Sanya Richards-Ross

IAAF World Relays schedule, broadcast times, preview

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With no outdoor World Championships or Olympics this year, the IAAF will introduce a new international event, the World Relays, this weekend.

The world’s greatest track nations — from sprinting to middle-distance running — convene in Nassau, Bahamas for events Saturday and Sunday. The World Relays are scheduled to remain in the Bahamas in 2015 and likely to go on a two-year cycle after that, according to Reuters.

The U.S. and Jamaica will be the anticipated head-to-head matchups in sprints. The Bahamas, Russia, Kenya and Ethiopia enter the mix as the distances rise to 4x1500m relays.

Universal Sports will have live TV coverage at 6:30 each night and online coverage at 6:15.

Here’s the schedule (all times Eastern):

Saturday
5:30 p.m. — Men’s 4x200m heats
5:49 — Women’s 4x100m heats
6:15 — Men’s 4x800m FINAL
6:40 — Women’s 4x400m heats
7:12 — Men’s 4x400m heats
7:45 — Women’s 4x1500m FINAL
8:16 — Men’s 4x200m FINAL
8:42 — Women’s 4x100m FINAL

Sunday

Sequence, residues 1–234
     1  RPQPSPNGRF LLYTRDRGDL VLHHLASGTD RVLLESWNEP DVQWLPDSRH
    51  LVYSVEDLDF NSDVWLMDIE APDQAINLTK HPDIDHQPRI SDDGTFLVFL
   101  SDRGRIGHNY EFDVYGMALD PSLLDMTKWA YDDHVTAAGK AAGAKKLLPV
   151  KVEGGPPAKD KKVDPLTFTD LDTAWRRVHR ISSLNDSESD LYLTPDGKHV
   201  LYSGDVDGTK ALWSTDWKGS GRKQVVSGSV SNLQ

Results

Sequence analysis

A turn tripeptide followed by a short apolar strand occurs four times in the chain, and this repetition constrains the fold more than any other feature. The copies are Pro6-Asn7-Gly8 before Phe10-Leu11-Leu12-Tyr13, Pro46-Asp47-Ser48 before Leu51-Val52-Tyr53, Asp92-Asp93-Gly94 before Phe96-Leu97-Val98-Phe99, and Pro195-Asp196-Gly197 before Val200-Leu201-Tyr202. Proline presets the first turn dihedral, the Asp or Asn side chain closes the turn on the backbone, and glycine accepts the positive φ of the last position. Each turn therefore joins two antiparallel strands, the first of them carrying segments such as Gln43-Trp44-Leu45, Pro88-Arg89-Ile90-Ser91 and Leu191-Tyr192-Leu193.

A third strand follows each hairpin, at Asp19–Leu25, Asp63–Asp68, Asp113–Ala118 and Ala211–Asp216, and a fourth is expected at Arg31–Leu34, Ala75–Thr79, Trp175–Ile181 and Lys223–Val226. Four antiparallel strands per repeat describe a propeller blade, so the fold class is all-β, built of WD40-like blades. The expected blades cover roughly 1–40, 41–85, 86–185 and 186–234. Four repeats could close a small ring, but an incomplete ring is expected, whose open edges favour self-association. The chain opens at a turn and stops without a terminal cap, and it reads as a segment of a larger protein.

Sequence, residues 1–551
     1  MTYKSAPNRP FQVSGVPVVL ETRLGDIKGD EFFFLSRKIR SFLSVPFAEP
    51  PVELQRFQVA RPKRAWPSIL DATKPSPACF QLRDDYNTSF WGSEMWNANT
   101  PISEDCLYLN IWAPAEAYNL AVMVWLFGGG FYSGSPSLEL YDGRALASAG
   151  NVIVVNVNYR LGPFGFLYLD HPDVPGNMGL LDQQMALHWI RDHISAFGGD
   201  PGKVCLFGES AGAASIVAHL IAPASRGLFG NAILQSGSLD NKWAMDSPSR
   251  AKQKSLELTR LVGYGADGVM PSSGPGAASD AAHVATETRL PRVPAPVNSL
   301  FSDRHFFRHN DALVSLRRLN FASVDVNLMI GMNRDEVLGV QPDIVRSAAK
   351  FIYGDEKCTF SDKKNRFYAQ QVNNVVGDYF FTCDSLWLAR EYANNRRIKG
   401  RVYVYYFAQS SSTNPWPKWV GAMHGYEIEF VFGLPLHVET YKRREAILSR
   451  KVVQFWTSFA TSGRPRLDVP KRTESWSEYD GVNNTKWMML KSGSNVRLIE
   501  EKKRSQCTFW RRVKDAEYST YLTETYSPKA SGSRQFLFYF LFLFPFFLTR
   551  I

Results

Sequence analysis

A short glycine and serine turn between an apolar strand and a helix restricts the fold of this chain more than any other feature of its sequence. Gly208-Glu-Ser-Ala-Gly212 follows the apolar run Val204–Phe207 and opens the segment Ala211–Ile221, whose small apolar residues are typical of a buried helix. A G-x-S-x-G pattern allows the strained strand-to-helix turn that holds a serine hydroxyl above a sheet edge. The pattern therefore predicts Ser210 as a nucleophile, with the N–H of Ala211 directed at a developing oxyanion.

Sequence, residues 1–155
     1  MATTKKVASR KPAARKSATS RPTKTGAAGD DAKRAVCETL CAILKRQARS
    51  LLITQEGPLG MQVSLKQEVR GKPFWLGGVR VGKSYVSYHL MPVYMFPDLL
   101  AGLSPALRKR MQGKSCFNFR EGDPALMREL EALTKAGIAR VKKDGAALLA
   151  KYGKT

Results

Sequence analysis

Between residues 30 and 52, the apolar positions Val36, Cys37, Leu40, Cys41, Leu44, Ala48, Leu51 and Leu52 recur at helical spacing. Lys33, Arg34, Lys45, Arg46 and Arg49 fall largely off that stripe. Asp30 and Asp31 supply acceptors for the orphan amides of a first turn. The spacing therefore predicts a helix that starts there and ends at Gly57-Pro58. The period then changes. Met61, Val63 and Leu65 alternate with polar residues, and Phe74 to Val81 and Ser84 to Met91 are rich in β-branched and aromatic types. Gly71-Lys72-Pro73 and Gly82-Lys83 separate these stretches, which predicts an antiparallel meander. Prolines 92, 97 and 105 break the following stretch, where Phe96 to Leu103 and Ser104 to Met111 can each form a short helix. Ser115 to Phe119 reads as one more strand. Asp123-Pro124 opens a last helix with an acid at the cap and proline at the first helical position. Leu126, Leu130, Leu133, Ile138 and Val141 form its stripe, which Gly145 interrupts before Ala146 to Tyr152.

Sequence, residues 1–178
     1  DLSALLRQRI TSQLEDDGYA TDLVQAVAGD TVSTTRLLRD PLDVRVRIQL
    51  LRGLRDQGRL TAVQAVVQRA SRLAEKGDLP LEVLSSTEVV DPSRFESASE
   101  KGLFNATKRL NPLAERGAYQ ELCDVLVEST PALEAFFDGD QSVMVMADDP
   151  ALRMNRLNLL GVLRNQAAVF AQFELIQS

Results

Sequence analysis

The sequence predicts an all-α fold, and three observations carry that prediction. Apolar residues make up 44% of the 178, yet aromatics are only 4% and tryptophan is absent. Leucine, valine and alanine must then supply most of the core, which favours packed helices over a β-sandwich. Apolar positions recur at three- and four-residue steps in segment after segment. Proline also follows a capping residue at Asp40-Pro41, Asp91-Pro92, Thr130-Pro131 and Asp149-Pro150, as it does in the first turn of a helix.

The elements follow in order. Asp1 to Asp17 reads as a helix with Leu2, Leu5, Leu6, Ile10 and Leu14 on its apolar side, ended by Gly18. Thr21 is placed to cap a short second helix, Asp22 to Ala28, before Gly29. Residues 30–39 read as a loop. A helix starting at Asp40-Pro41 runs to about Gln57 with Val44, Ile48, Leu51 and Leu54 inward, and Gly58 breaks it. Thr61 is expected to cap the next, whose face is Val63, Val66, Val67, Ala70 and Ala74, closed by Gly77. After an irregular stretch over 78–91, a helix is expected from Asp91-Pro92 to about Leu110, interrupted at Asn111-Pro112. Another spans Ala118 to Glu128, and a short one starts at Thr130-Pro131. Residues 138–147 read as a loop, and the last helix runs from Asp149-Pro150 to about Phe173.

5:30 p.m. — Women’s 4x200m heats
5:49 — Men’s 4x100m heats
6:26 — Women’s 4x400m FINAL
6:48 — Men’s 4x1500m FINAL
7:19 — Women’s 4X800m FINAL
7:52 — Men’s 4x400m FINAL
8:11 — Women’s 4x200m FINAL
8:37 — Men’s 4x100m FINAL

Here’s a look at each event:

Women’s 4x100m

Jamaica is the clear favorite here with a team that includes the reigning Olympic and world champion Shelly-Ann Fraser-Pryce and 2008 Olympic 100m silver medalist Kerron Stewart. In fact, it could field the same quartet that won the 2013 World Championship in a meet-record time.

The U.S. holds the world record in the 4x100m from the 2012 Olympics, but only Tianna Bartoletta returns from that team. Olympic sprint medalists Allyson Felix and Carmelita Jeter are among the Americans not in Nassau.

Men’s 4x100m

Likewise, Jamaica is a favorite in the men’s 4x100m, even without Usain Bolt, since the U.S. is missing its top sprinters from last year’s World Championships and Olympics. The Jamaicans boast three-quarters of their world-record team from the 2012 Olympics — Yohan BlakeNesta Carter and Michael Frater.

The U.S. is without Justin GatlinTyson Gay and Ryan Bailey, who went three-four-five in the 2012 Olympic 100m final. However, they return the fourth man from the Olympic 4x100m final silver-medal team, Trell Kimmons, and three-quarters of the 2013 World Championships final team that won silver — Mike RodgersMookie Salaam and Charles Silmon. There’s also the rising Marvin Bracy, who won 60m silver at the World Indoor Championships in March.

Women’s 4x200m

Fraser-Pryce is also eligible for the 4x200m relay, and she says she’s focusing more on the half-lap distance this year after winning Olympic silver and World Championships gold the last two seasons. But the rest of the Jamaican 4x200m pool is not near her league (maybe nobody else in the world is, actually), giving the U.S. a chance.